OpenAI launches web crawling GPTBot, sparking blocking effort by website owners and creators

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Without fanfare or an official announcement, ChatGPT maker OpenAI launched a new website crawling bot this week for scanning website content to train its large language models (LLMs). But after news of the bot broke, a revolt ensued, as website owners and creators quickly traded tips on how to block GPTBot from scraping their sites’ data.

When OpenAI added the GPTBot support page, it also introduced a way to block the service from scraping your website. A small modification to a website’s robots.txt file would stop the content from being shared with OpenAI. However, due to how extensively the web is scraped otherwise, it’s unclear if simply blocking GPTBot will completely stop content from being included in LLM training data.

 

“We periodically collect public data from the internet which may be used to improve the capabilities, accuracy, and safety of future models,” an OpenAI spokesperson said in an email. “On our website, we provide instructions on how to disallow our collection bot from accessing a site. Web pages are filtered to remove sources that have paywalls, are known to gather personally identifiable information (PII), or have text that violates our policies.”

Websites raise their defenses

Web outlets like The Verge have already added the robots.txt flag to stop the OpenAI model from grabbing content to add to its LLMs. Casey Newton has asked readers of his substack newsletter, Platformer, if he should stop OpenAI from collecting his content. Neil Clarke, editor of sci-fi magazine Clarkesworld, announced on X (formerly known as Twitter) that it would block GPTBot.

 

 

Shortly after GPTBot’s launch became public, OpenAI announced a $395,000 grant and partnership with New York University’s Arthur L. Carter Journalism Institute. Led by former Reuters editor-in-chief Stephen Adler, NYU’s Ethics and Journalism Initiative aims to aid students in developing responsible ways to leverage AI in the news business.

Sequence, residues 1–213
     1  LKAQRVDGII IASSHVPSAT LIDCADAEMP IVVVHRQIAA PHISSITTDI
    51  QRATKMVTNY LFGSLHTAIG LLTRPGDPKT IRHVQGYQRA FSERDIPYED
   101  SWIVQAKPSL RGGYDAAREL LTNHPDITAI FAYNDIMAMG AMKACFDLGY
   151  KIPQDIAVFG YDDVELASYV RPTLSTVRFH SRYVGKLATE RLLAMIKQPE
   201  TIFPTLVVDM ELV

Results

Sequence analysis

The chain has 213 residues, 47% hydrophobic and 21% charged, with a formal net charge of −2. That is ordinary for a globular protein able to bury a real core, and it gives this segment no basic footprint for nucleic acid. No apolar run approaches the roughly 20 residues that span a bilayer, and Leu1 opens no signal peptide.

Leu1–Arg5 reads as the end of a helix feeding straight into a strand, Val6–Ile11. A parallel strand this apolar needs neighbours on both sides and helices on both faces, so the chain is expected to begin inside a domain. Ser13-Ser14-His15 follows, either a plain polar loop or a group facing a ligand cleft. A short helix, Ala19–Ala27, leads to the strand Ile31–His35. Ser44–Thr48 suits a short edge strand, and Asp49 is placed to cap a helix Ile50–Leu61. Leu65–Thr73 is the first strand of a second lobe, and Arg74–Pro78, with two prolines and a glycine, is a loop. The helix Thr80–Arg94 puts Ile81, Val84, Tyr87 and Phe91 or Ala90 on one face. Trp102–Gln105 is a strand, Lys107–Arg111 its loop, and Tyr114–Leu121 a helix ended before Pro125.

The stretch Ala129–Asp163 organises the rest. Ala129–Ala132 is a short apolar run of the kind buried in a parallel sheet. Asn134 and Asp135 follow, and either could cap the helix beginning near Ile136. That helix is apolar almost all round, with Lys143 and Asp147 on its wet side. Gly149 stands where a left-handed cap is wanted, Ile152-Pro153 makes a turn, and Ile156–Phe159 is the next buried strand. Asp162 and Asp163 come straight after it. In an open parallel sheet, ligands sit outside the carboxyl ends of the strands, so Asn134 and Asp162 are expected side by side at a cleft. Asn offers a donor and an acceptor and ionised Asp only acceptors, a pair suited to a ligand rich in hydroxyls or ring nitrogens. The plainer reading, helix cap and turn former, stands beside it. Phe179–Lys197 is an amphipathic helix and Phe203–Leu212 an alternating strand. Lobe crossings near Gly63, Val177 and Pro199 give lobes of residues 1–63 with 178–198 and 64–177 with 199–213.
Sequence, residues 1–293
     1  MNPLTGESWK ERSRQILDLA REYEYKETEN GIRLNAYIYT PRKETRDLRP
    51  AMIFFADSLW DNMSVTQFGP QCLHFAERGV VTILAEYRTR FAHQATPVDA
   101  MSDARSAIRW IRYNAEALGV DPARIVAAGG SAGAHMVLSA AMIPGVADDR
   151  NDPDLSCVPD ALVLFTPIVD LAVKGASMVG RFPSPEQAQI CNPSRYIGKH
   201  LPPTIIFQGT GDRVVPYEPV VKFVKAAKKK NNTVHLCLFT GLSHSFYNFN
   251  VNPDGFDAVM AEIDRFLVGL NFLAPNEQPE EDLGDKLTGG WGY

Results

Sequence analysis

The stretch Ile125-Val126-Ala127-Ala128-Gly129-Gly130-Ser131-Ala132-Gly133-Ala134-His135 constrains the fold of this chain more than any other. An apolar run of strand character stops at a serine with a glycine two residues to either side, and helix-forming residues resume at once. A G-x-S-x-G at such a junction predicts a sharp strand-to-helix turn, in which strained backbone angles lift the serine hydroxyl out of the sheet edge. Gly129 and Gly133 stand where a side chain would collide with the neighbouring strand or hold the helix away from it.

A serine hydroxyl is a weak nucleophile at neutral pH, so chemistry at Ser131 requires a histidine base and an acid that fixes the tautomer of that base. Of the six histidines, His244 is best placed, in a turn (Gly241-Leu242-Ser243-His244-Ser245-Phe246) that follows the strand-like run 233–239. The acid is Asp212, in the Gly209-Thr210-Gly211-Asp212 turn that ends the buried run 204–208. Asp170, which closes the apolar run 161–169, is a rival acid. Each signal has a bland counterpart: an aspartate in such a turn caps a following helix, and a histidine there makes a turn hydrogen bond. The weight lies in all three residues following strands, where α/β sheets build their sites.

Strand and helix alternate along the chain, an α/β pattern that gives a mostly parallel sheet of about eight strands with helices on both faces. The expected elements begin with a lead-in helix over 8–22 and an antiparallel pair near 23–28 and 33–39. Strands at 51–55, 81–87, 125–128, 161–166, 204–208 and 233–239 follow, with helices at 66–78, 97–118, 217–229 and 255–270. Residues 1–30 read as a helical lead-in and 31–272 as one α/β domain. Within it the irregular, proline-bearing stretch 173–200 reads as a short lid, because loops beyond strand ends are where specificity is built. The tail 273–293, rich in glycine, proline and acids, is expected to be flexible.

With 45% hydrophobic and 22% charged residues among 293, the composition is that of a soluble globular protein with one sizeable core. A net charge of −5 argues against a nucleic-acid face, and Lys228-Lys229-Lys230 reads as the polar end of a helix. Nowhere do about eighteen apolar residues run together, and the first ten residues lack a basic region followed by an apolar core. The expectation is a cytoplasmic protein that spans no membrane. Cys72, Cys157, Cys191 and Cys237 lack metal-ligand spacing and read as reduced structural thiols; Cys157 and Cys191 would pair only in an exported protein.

“We are excited about the potential of the new Ethics and Journalism Initiative and very pleased to support its goal of addressing a broad array of challenges journalists face when striving to practice their profession ethically and responsibly, especially those related to the implementation of AI,” said Tom Rubin, OpenAI’s chief of intellectual property and content, in a release on Tuesday.

Rubin did not mention public web scraping—nor the controversy surrounding it—in the release. 

What’s ‘known’ can’t really be forgotten

While a little more control over who gets to use the content on the open net is handy, it’s still unclear how effective simply blocking the GPTBot would be in stopping LLMs from gobbling up content that isn’t locked behind a paywall. LLMs and other generative AI platforms have already used massive collections of public data to train the datasets they currently deploy. 

Google’s Colossal Clean Crawled Corpus (C4) data set and nonprofit Common Crawl are well-known collections of training data. If your data or content was captured in those scraping efforts, experts say it’s likely a permanent part of the training information used to enable OpenAI’s ChatGPT, Google’s Bard or Meta’s LLaMA platforms. Services like CommonCrawl do allow for similar robots.txt blocks, but website owners would have needed to implement those changes before any data was collected.

VentureBeat was no exception, with its information found in the C4 training data and available through the Common Crawl datasets as well. 

Questions of web scraping fairness remain before courts

Last year, the U.S. Ninth Circuit of Appeals reasserted the notion that web scraping publicly accessible data is a legal activity that did not contravene the Computer Fraud and Abuse Act (CFAA). 

Despite this, data scraping practices in the name of training AI have come under attack this past year on several fronts. In July, OpenAI was hit with two lawsuits. One, filed in federal court in San Francisco, alleges that OpenAI unlawfully copied book text by not getting consent from copyright holders or offering them credit and compensation. The other claims ChatGPT and DALL-E collect people’s personal data from across the internet in violation of privacy laws.

Further lawsuits have been filed by Sarah Silverman and novelists Christopher Golden and Richard Kadrey alleging that the companies trained their LLMs on the authors’ published works without consent. X and Reddit have also made news around data scraping, and both sought to protect their respective datasets by limiting access to them. In an effort to curb the effects of AI data scraping, X temporarily prevented individuals who were not logged in from viewing tweets on the social media platform and also set rate limits for how many tweets can be viewed. Reddit waged a PR campaign against its moderators and third-party app developers who got caught in the crossfire when it started to charge higher prices for API access in a bid to fend off web scraping of its content.

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